Nuts have fat and fiber and protein. The fat is mostly monounsaturated (good); it has omega 6’s and omega 3’s in it, which we want. Nuts have vitamins, especially E, and minerals, including magnesium.

This quote from warmed my cockles: “…many studies have shown that people who eat nuts live longer than those who don’t.”  

And nuts, those wonderful treats, may reduce our risk for high blood pressure and for high BAD cholesterol; they may improve our blood sugars, and they may even, this learned site informs me, reduce the risk of some cancers.

And they don’t affect a person’s weight: eating nuts won’t be the thing that makes me shed pounds…but eating nuts won’t pack them on, either.


So which nuts are good nuts? The site has a top ten list, and YAY! Almonds are number one!

And DOUBLE YAY! Cashews are number four! (What was that nutritionist talkin’ about???) Studies, the experts tell me, show that a diet high in cashews can reduce blood pressure and increase ‘good’ cholesterol; eating cashews adds antioxidants to the diet too.

And PECANS make the top ten, as well, with the same healthy properties.

I open the cupboard and gaze at the packages of fresh roasted dietary friends.

“Nuts,” says my new favorite website, “are one of the healthiest snacks you can eat, as they contain a whole range of essential ingredients” (“The Health Benefits of Eating Nuts”).


And then I get to wondering where they came from, these savory, life-enhancing treats, so I go looking for that kind of information.

I find that almonds have been celebrated since biblical times, and probably even before. Moses’s brother, Aaron, had a wondrous staff; that staff blossomed and bore almonds.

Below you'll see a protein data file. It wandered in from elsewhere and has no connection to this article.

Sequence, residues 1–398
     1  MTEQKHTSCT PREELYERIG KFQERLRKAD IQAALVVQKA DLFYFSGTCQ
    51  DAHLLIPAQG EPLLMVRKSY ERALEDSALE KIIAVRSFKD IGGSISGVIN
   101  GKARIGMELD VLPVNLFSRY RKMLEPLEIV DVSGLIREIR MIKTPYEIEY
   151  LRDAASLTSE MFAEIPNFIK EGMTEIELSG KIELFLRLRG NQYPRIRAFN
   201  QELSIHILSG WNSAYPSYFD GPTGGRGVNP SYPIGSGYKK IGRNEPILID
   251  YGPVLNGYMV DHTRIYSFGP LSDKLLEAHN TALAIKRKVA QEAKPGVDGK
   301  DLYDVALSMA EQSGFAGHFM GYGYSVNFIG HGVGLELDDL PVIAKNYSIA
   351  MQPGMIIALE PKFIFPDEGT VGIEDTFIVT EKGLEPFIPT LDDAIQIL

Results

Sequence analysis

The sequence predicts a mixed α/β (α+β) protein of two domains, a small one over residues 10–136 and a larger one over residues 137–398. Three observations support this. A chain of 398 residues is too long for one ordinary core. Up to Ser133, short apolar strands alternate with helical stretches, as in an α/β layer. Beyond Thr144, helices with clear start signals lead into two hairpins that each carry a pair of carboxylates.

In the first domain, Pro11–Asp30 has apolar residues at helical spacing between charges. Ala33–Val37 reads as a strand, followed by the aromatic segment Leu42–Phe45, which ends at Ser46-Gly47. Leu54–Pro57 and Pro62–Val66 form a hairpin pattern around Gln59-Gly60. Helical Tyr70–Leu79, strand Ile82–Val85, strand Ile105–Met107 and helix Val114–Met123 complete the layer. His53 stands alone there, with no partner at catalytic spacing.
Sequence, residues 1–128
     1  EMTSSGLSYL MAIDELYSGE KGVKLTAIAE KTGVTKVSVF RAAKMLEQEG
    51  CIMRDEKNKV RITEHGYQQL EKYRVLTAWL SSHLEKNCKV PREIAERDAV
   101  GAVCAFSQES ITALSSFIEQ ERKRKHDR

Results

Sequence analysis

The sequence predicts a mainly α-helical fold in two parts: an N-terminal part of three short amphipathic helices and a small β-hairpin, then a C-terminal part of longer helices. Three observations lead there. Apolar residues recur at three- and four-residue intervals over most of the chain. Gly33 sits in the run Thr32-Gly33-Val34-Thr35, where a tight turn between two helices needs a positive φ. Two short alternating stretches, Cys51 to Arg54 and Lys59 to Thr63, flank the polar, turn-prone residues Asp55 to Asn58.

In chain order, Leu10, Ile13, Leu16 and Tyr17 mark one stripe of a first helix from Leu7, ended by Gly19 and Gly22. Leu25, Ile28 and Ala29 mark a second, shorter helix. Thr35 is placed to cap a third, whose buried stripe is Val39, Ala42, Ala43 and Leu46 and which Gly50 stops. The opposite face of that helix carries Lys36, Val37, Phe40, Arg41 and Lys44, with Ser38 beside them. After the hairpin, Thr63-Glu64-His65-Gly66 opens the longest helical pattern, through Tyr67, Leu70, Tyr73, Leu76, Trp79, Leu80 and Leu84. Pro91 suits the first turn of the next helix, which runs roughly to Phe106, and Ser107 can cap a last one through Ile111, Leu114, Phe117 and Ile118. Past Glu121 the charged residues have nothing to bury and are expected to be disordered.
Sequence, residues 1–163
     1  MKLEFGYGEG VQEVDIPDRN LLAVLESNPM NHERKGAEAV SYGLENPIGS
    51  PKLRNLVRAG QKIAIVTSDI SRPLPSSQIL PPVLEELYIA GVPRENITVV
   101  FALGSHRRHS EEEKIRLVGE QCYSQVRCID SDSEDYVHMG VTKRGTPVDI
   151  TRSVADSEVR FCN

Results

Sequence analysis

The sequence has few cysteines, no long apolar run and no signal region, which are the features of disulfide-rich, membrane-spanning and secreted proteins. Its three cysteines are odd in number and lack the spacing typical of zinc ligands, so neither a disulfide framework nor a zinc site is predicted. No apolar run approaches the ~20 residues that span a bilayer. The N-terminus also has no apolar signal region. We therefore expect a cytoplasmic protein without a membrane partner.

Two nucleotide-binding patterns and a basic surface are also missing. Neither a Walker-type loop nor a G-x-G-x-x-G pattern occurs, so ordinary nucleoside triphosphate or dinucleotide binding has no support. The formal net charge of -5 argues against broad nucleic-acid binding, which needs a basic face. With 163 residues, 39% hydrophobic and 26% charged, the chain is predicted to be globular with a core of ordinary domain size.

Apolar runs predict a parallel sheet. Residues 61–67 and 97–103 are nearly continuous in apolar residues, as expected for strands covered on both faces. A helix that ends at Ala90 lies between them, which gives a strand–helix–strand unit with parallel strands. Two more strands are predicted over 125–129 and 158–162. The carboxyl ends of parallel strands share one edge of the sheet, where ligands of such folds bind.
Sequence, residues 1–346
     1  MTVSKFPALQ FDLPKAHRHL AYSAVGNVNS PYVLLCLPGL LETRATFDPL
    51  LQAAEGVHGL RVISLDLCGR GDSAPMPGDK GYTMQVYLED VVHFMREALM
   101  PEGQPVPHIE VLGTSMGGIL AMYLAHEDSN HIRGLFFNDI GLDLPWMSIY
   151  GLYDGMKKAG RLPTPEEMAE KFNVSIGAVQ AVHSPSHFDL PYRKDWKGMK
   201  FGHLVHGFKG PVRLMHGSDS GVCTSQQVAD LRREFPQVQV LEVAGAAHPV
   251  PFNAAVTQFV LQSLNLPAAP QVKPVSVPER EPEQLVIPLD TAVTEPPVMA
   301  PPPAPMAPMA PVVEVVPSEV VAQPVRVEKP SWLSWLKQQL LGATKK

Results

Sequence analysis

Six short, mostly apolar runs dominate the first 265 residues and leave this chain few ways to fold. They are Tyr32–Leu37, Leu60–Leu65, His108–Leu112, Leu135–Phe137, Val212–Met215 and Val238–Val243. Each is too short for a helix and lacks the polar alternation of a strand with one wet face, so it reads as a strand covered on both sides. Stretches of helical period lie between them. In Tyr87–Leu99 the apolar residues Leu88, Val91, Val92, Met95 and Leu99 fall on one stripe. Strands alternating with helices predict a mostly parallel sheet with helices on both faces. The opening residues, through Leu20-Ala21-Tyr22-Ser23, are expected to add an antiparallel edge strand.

Ancient Romans gave newlyweds gifts of almonds; the nuts were believed to boost fertility.

Servants in ancient Egypt served almonds to the pharaohs.

Later, European explorers ventured to Asia, and, on the Silk Road, they discovered almonds. They discovered them, and they loved them, and they brought them back to Europe.

Almonds grew especially well in Italy and Spain, and later, hundreds of years later, Franciscan priests planted almonds in California. They found that almonds did better inland, and by 1870 or so, they had bred the type of almond we enjoy today.

By 1900, the almond industry was a pretty big deal in the USA; it’s still a big deal today.



Cashews, on the other hand, hail from Brazil. The name comes from a Tupi-Indian word: Acaju. Instead of growing like a conventional nut, cashews grow out of the base of what are called cashew apples. They’re always sold unshelled, because the shells contain a resin that irritates skin.

European explorers were introduced to cashews circa 1558 in Brazil, where Capuchin monkeys used rough tools to break the irritating shells and eat the cashews (smart little creatures). The Tupi-Indians showed their guests how to roast cashews; their guests liked that very much.

Portuguese traders took cashews to Goa in 1560; they were believed to contain healing properties and they were prized. Cashews were transplanted to India, where a great many people discovered they liked those nuts very, very much. The cultivation of cashews spread to southeast Asia and to Africa.

In the mid-1920’s, the General Food Corporation shipped cashews to the U.S. and to Europe. By 1941, according, India was exporting 20,000 tons of cashews per year.

I don’t think that has slowed down one bit.